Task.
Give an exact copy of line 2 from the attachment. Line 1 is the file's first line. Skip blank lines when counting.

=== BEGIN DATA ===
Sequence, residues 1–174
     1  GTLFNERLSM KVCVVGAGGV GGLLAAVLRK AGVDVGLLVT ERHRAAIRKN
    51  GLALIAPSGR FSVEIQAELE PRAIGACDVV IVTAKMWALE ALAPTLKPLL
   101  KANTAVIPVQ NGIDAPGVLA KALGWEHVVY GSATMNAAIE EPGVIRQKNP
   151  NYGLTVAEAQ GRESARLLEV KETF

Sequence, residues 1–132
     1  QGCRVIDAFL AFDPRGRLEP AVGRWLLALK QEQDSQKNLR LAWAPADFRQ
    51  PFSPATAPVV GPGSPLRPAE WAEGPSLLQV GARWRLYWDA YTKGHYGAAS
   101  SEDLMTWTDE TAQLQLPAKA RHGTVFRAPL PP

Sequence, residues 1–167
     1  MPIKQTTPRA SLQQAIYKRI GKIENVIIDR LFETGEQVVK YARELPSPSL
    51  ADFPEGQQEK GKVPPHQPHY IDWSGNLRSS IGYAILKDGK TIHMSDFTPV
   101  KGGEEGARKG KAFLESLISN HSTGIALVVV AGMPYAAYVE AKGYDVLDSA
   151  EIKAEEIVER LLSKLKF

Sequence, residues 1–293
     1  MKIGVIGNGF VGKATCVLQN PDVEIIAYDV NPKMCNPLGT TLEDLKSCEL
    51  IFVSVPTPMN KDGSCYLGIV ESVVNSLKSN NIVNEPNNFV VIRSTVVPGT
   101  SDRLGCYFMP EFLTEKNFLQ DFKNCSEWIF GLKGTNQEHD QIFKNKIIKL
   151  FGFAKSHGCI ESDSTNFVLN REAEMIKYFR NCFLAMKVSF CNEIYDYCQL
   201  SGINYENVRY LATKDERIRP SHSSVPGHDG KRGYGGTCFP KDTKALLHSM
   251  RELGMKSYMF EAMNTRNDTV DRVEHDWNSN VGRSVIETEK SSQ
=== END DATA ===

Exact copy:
     1  GTLFNERLSM KVCVVGAGGV GGLLAAVLRK AGVDVGLLVT ERHRAAIRKN